ERG SES C 01, ICT and Education
In today’s education approach, learning is defined as a process in which students construct their own sense of the world and develop critical thinking skills rather than memorizing the facts out of context (Donaldson & Knupfer, 2002). This change makes new generation’s needs, interests and experiences different (Calvert & Jordan, 2001; Prensky, 2001). In this change, technology has become a considerable role in providing rich environments for education (Marina, 2001). This is the same for early care and childhood education, too (Clements, 1994; NAEYC, 2012). The hot debates and concerns on technology use in early childhood education during the 1980s have evolved and new concerns have occurred to be resolved (Haugland, 2000; Yelland, 1999). For example, recently, STEM, the acronym for Science, Technology, Engineering, and Mathematics, has been widely heard (Sanders, 2009) and Robotics, a distinguishable tool for STEM education, (Barker et al., 2012) has been benefited for the learning and development of young children (e.g. Bers, 2008; 2010; Keren & Fridin, 2014; Sullivan, Bers & Mihm, 2017). The educational robotics used in research is categorized into three groups namely, social robots, robotics kits, and toy robots (Virnes, 2014). It is believed that educational robotics approach comes from Papert’s programmable robot turtle ‘Logo’ and contributes to the high order skills (Komis & Misirli, 2016). For example, research findings inform that educational robotics improve problem-solving skills and logical thinking abilities (Kazakoff, Sullivan & Bers, 2013), abstract thinking and programming (Misirli & Komis, 2014), computational thinking (Bers, 2010) and mathematical thinking skills (Rogers & Portsmore, 2004). As it is seen from the research studies, the use of educational robotics is considered as a new and important step in education even in early childhood education (Panayiotou & Eteokleous-Grigoriou, 2017). Since rapid changes in many areas are making existing knowledge and skills old-fashioned, new knowledge and new discoveries present new paths (Molnar, 1997). This change has transformed the way of play tools, too. For example, while children can play with many traditional toys (Moore, 2010), they can also play with digital toys which shows a growing potential for new forms of play (Marsh, 2010). Research reports indicated that play is not just a behavior (Sheridan, Howard, & Alderson, 2011) rather it is a dynamic and challenging process (Wood, 2013). The importance of play has been emphasized by many pioneer scholars (Wood & Attfield, 2005) and research studies reported some benefits of the play such as improving self-regulation and meta-cognition levels (Whitebread, 2010), engagement and motivation (McInnes et al., 2009), and promoting cognitive, physical, social, and emotional involvement (Wood, 2013). Therefore, the play is considered a powerful way of enhancing children’s learning and development (Anning, 1991; Moyles, 1989, Glassy & Romano, 2003). With the advent of new toys, the primary caregivers of young children are getting confused. According to Bredekamp (2011), parents are considered as the first teachers in a child’s life. Therefore, caregivers, especially the parents have a responsibility to arrange the technology use for children’s benefits in learning environments (NAEYC, 2012).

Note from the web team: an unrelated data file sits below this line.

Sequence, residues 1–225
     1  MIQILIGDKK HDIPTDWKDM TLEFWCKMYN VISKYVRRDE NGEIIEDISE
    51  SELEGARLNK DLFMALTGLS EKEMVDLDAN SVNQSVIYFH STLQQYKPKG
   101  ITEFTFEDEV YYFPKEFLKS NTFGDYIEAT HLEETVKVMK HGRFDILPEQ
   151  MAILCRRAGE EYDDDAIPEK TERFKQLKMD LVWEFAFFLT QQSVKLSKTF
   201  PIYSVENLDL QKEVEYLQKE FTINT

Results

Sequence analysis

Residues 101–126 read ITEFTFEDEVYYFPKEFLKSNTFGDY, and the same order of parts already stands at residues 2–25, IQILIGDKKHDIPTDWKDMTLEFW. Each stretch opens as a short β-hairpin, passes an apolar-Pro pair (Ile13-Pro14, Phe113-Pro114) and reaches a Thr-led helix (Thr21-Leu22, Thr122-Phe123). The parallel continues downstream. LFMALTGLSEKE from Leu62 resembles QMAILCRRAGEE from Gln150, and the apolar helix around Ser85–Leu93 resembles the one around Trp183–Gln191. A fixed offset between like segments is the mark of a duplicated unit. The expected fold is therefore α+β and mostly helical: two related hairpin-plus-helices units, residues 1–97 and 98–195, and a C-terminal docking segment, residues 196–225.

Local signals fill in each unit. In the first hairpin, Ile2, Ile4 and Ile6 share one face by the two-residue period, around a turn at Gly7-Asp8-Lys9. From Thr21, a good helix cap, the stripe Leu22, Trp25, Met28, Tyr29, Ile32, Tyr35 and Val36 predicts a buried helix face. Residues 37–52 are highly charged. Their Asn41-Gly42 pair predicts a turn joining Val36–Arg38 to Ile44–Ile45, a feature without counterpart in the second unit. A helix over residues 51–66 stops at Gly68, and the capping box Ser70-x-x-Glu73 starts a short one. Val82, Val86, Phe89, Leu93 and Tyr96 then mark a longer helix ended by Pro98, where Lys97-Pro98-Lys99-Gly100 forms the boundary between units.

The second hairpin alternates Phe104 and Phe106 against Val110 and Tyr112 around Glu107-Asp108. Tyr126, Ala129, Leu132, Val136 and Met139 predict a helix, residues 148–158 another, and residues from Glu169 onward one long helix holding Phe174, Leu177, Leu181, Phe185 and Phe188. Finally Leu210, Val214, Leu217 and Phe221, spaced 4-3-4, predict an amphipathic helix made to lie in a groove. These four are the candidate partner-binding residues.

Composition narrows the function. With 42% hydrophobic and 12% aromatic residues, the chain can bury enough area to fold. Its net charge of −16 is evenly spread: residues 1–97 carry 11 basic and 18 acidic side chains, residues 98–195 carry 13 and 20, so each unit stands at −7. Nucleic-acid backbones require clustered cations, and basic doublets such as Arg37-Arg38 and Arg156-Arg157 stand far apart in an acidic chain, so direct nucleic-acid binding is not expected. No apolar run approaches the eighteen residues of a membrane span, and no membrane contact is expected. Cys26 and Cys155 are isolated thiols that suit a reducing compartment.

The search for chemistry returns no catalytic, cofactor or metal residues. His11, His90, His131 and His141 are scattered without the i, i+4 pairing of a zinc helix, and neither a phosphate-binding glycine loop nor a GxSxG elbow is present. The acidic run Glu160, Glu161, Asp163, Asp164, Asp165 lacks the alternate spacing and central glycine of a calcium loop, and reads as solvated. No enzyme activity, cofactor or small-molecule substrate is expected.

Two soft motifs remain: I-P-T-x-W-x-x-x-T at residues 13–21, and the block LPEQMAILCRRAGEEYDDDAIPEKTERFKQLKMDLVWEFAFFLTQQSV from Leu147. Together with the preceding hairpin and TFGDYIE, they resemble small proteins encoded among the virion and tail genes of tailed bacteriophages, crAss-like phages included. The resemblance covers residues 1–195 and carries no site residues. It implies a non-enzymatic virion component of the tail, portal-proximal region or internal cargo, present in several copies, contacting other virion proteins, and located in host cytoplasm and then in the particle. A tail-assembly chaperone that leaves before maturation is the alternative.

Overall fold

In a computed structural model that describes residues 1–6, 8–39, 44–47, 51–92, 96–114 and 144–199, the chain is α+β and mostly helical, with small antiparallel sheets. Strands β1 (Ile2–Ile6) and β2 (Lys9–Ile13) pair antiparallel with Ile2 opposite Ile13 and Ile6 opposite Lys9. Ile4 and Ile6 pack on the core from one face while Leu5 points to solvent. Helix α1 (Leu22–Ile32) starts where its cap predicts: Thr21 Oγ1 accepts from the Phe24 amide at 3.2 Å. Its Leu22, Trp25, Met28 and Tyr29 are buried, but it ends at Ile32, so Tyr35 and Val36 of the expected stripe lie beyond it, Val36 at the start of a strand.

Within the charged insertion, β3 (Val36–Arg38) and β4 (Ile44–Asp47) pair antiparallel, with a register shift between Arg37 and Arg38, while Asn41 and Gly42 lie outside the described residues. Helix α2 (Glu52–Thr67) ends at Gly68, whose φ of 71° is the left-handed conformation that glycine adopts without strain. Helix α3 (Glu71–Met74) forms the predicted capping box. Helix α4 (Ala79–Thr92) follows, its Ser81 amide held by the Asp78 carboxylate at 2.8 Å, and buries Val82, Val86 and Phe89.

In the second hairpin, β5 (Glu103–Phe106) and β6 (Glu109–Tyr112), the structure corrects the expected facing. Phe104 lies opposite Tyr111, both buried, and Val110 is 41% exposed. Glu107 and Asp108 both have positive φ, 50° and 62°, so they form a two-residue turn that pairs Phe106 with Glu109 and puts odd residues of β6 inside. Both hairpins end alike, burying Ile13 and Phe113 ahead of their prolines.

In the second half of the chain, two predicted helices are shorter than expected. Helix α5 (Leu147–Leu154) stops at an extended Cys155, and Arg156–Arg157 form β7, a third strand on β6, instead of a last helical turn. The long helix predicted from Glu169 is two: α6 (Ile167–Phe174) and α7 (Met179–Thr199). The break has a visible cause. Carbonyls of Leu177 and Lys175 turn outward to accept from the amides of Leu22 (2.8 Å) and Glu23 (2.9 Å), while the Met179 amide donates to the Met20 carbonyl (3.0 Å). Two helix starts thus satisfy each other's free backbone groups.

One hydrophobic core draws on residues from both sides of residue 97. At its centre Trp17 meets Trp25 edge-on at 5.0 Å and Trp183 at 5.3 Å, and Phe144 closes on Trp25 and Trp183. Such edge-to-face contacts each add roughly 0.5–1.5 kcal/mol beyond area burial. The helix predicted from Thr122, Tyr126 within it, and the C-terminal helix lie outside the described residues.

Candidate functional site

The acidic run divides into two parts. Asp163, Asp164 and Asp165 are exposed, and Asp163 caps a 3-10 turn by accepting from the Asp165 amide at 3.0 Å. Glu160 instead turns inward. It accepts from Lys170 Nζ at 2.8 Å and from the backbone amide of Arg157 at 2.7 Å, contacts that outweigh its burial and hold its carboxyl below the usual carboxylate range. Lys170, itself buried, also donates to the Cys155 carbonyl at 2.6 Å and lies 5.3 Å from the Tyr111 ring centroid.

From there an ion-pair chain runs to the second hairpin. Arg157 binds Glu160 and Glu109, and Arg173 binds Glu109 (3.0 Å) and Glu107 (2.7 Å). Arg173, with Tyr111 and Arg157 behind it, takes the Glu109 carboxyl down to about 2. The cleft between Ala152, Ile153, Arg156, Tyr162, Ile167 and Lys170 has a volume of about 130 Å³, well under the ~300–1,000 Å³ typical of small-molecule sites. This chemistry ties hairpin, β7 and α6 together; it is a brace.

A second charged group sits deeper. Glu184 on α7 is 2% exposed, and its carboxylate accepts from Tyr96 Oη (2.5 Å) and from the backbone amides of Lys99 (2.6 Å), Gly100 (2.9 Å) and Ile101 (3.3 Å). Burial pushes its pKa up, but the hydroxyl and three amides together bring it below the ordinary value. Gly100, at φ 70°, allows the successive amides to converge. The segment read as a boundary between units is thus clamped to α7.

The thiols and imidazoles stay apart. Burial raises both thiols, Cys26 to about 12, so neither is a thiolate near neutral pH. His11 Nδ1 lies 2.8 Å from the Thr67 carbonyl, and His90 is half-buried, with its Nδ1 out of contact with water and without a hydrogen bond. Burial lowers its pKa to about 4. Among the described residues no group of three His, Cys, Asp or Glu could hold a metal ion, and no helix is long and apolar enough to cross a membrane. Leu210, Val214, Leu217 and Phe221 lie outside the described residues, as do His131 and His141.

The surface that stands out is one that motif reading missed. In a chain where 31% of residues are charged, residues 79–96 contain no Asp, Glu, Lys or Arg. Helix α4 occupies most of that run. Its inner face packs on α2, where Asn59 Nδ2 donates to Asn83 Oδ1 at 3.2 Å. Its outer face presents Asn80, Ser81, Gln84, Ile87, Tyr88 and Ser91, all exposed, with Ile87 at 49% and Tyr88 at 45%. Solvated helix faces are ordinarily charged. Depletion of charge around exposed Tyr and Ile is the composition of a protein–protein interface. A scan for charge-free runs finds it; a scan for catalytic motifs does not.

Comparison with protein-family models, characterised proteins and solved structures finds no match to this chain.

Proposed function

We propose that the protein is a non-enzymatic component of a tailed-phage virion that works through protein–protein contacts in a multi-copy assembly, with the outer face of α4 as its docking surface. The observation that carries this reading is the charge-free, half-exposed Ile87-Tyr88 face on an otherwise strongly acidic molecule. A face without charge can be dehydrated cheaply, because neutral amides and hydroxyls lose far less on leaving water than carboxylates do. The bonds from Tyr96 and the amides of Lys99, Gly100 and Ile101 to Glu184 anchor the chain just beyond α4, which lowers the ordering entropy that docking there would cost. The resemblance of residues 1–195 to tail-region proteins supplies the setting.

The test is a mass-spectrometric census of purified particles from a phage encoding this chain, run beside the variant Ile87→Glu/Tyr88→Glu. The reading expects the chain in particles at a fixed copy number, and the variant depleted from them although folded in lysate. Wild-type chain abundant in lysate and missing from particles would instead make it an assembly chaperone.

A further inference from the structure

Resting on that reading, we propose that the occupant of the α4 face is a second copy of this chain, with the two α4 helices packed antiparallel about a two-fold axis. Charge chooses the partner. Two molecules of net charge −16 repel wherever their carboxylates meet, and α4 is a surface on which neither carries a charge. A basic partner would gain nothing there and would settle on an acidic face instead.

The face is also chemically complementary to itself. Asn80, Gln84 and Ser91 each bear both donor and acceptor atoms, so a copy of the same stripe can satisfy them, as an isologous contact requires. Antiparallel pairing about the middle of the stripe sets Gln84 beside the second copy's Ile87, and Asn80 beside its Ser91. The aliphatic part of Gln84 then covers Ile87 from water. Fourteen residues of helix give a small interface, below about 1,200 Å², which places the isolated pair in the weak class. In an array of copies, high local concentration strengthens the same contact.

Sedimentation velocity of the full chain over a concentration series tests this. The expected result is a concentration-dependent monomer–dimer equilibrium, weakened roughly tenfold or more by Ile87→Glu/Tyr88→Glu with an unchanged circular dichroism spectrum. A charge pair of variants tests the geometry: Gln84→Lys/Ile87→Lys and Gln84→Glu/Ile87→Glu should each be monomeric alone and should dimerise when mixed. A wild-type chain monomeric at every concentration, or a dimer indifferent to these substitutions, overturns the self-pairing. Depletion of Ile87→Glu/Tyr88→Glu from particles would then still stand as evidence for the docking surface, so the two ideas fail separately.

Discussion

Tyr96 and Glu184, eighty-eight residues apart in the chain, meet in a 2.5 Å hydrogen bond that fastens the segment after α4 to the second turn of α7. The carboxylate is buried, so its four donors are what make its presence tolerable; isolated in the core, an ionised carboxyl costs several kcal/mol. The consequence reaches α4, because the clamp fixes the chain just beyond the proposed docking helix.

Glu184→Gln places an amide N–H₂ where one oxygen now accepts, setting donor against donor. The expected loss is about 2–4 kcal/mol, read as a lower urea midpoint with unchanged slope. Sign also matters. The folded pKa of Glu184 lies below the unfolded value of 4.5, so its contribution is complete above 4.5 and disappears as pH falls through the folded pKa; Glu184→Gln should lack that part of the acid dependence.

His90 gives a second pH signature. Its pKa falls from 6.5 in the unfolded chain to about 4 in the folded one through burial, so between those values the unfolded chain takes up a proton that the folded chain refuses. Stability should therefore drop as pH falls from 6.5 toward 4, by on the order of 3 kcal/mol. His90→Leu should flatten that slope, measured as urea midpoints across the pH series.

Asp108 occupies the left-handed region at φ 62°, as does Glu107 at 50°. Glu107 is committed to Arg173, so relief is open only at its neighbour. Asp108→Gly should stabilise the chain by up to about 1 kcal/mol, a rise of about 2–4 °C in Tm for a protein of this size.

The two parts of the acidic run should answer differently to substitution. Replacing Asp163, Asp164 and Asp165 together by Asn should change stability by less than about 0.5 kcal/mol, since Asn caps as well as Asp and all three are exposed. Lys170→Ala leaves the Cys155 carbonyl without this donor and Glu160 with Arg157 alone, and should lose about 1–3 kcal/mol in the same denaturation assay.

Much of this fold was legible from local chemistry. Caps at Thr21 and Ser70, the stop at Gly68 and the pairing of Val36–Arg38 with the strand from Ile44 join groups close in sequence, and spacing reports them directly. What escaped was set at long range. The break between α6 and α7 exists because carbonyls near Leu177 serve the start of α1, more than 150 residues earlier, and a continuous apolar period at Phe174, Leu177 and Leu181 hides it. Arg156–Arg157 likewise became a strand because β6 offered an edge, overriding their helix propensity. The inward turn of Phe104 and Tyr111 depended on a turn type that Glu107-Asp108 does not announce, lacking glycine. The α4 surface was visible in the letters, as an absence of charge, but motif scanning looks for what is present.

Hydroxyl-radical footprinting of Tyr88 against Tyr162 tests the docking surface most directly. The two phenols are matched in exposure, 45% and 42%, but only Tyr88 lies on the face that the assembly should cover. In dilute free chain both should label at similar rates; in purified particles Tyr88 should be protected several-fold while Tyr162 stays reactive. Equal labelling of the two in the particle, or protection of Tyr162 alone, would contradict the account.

In brief then, considering parent’s crucial role and the availability of educational robotics in children’s lives, it is important to explore the parent’s thoughts about the educational robotics which is designed to improve the young children’s learning and development. For this purpose, there are four research questions as presented below: